Well, here I am in Antigua Guatemala and it as softly beautiful as everyone promised it would be. I’m really happy with my room at the Villa de Antigua, just about five blocks south of the town’s Central Park (Parque Central), close to all the major sights. Got here last night after flying into La Aurora International Airport in Guatemala City. The Villa de Antigua hosts made sure their retainer taxi driver, Julio, was at the airport waiting for me holding up my name on a sheet of paper, written in bold letters: Nancy de Toronto. That made me feel like royalty. Although I arrived in prime city traffic, the trip to Antigua Guatemala only took a little over an hour at a cost of $30 CDN. Already a bargain price compared to the fare from any major North American airport into whatever city.
Everyone will tell you that the best first sighting of Antigua Guatemala is just at sunset and I was lucky enough to have that timing for my first glimpse of the city. The waning light kind of filtered out the modern touches, like electrical street wiring etc., and highlighted the cobblestone streets, so that the city looked the way it might have in the 17th century. Okay, the cars were still there, but it gives you an idea of how the place might have looked back in the day. Awesome. It really looked like a movie set for a Spanish colonial story. Where was Zorro?
When I got to the Villa de Antigua, a mix of Spanish colonial architecture and modern brightness, I was greeted by my Canadian hosts who showed me to a beautiful room with high rafters and a generous terrace. From there, in the fading light, I saw the sun setting over three volcanoes, one of which (Fuego) was still belching out a plume of smoke from its furnace insides. Spectacular.
Next morning, on the advice of the Villa hosts, I set off on a self-directed tour of the central part of the city. Parque Central is the staring point, they explained, and then pointed out the five sights that I might like to see on a first-morning walking orientation.
First, the park itself: Here I found the Fountain of the Sirens. This is a mermaid fountain, with the lovely one’s breasts pouring water into the fountain. Talk about a siren call! Since this is a tourist town, there were many tourists who were sitting on one of the many park benches, poring over Spanish homework (lots of Spanish language schools here) and Mayan women in classic dress selling weaving and jewelry. I resisted purchasing any shawls or necklaces (a personal guilty pleasure) and settled into a park bench while a boy of about 12 shined my dusty Toronto boots. I gave him an extra tip for putting up with my rudimentary Spanish. A patient and hard working boy for sure.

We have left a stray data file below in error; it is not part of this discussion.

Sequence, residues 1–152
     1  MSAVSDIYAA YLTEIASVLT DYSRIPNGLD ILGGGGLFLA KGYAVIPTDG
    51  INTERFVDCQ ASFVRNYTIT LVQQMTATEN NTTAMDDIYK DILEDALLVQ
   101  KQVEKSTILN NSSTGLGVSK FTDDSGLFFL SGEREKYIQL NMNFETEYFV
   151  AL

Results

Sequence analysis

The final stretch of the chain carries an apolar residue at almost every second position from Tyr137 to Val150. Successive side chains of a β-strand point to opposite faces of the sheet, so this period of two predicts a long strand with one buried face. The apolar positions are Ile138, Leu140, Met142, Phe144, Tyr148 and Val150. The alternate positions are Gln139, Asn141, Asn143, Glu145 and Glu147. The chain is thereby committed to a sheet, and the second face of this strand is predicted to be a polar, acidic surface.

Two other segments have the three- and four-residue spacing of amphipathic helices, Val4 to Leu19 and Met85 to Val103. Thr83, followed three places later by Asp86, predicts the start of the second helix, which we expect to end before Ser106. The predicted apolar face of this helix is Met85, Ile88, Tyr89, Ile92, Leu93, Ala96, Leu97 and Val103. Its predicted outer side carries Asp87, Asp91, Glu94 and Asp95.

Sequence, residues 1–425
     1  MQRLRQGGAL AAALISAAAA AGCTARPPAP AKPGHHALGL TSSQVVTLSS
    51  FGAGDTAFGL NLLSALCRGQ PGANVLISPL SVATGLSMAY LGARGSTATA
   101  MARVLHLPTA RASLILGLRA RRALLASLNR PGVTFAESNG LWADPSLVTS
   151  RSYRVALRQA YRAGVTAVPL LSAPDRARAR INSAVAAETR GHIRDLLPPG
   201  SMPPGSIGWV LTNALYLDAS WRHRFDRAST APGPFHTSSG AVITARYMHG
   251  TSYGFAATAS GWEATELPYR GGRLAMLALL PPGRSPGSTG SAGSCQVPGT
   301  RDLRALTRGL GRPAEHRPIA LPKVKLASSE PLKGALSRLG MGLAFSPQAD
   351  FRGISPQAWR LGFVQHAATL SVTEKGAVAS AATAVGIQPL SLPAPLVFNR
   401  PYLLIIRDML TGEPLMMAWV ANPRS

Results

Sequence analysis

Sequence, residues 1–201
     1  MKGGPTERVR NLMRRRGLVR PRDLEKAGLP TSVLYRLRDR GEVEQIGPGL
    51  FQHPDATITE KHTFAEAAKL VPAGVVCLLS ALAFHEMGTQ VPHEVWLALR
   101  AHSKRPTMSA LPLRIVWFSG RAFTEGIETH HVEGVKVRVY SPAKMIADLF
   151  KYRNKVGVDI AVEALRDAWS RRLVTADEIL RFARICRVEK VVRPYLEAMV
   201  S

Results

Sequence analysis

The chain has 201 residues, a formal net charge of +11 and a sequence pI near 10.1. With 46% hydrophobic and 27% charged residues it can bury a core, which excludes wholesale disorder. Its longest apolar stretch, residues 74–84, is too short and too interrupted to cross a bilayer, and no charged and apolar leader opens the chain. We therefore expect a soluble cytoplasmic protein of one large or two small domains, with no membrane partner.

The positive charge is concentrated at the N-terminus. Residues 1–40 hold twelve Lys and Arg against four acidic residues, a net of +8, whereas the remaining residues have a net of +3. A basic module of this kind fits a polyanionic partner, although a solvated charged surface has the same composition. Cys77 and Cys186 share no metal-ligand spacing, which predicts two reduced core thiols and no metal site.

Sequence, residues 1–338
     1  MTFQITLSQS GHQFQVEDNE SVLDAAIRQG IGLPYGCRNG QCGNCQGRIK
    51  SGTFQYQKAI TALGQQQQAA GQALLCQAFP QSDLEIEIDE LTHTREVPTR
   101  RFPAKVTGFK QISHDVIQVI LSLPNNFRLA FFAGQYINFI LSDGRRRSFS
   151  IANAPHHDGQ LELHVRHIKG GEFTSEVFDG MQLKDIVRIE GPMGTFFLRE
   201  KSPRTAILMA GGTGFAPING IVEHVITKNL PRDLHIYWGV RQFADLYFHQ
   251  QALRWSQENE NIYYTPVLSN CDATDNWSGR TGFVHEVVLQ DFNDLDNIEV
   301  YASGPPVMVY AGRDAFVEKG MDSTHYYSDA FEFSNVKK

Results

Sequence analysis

Next, following the orientation advice I had been given I went to see La Catedral (The Cathedral), which is located on the east side of the park. Built in the mid 16th century and destroyed by earth quakes in the 18th century, the restoration work gives you an idea of how magnificent and archiecturally prominent it must have been in it’s heyday.
Next, on the south side of the park, I had a look around the Palacio de los Capitanes (Palace of the Captains). It was from here that the Spanish, mostly through its military forces, ruled their Central American holdings. Walking the full length of the arcade that fronts the building gives you a sense of how the conquerors dominated through might and intimidated through architecture.
Next, on the north side of the park, I explored the Palacio del Ayuntamiento (City Hall). Also fronted by an arcade, its has a silhouette that is somewhat softer than the Palace of Captains, but is nevertheless an imposing formal colonial structure. In it’s prime, it was the tax office, jail and seat of other general administration, starting in the 17th century.
Next, I walked north on the 5th avenida (5th avenue), which frames the west side of the park. Here I found the iconic Arco de Santa Catalina (Arch of Santa Catalina) with its overhead span of the cobblestone street. Restored to its former glory the clock inside the arch chimed the quarter hour as I arrived to take it in.
Next, continuing north on the 5th avenida, I turned left (west) at the next intersection and got the full sight of the breath-taking La Merced Church. It’s a butter cup yellow with white frosting on towers and columns. Toured the inside and was able to imagine where the 16th century convent was located and then took a tour of the church, which still functions day-to-day for the faithful.
All of this was a great first step into historic Antigua Guatemala, but tomorrow, I’m taking a formal walking tour so I can get the real low down on these and about 10 other sights. But I’m not doing it in sandals. I’ve learned my lesson the first day. The cobblestone streets are murder on your feet. Socks and sturdy shoes tomorrow for sure.